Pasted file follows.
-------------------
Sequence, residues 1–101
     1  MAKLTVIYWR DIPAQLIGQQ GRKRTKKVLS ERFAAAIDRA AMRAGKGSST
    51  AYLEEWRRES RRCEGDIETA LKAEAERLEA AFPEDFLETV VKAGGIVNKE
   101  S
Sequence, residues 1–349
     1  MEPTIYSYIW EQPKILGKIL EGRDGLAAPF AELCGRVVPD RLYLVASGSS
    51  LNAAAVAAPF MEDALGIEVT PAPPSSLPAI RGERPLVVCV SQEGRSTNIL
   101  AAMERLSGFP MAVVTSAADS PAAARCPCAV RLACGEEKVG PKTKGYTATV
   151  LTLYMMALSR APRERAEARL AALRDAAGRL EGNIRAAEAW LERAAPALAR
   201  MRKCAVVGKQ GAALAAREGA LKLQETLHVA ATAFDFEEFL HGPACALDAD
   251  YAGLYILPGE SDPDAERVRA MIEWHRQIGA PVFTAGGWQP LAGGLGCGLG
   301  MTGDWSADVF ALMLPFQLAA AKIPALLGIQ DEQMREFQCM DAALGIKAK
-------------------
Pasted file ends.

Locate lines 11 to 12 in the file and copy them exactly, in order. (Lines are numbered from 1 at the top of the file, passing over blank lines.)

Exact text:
   251  YAGLYILPGE SDPDAERVRA MIEWHRQIGA PVFTAGGWQP LAGGLGCGLG
   301  MTGDWSADVF ALMLPFQLAA AKIPALLGIQ DEQMREFQCM DAALGIKAK